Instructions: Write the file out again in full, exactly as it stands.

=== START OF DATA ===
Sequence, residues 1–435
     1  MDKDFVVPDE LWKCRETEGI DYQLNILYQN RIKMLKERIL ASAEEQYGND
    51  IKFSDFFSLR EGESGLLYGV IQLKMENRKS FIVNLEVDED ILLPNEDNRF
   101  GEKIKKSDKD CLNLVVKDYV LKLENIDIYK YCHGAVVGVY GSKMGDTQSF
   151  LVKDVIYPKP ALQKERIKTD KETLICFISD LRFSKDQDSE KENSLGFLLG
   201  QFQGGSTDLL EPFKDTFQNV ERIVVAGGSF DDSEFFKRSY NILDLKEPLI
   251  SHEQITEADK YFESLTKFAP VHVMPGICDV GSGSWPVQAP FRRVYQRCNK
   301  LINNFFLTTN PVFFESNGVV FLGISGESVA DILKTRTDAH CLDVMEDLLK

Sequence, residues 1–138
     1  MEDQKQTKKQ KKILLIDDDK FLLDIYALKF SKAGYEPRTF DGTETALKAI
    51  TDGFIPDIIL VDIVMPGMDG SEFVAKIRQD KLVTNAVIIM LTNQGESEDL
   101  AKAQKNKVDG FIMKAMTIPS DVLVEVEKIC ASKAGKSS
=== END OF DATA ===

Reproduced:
Sequence, residues 1–435
     1  MDKDFVVPDE LWKCRETEGI DYQLNILYQN RIKMLKERIL ASAEEQYGND
    51  IKFSDFFSLR EGESGLLYGV IQLKMENRKS FIVNLEVDED ILLPNEDNRF
   101  GEKIKKSDKD CLNLVVKDYV LKLENIDIYK YCHGAVVGVY GSKMGDTQSF
   151  LVKDVIYPKP ALQKERIKTD KETLICFISD LRFSKDQDSE KENSLGFLLG
   201  QFQGGSTDLL EPFKDTFQNV ERIVVAGGSF DDSEFFKRSY NILDLKEPLI
   251  SHEQITEADK YFESLTKFAP VHVMPGICDV GSGSWPVQAP FRRVYQRCNK
   301  LINNFFLTTN PVFFESNGVV FLGISGESVA DILKTRTDAH CLDVMEDLLK

Sequence, residues 1–138
     1  MEDQKQTKKQ KKILLIDDDK FLLDIYALKF SKAGYEPRTF DGTETALKAI
    51  TDGFIPDIIL VDIVMPGMDG SEFVAKIRQD KLVTNAVIIM LTNQGESEDL
   101  AKAQKNKVDG FIMKAMTIPS DVLVEVEKIC ASKAGKSS